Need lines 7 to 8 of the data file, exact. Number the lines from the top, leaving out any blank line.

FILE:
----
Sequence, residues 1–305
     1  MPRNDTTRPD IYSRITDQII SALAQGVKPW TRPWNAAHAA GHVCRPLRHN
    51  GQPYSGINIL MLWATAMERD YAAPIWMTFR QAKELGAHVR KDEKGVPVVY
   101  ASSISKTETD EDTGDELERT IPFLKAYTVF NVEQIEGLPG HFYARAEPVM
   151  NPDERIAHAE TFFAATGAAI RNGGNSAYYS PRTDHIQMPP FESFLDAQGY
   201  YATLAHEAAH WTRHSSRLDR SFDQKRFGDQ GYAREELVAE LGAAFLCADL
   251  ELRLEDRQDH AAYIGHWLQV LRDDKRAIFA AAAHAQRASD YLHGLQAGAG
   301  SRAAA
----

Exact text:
   251  ELRLEDRQDH AAYIGHWLQV LRDDKRAIFA AAAHAQRASD YLHGLQAGAG
   301  SRAAA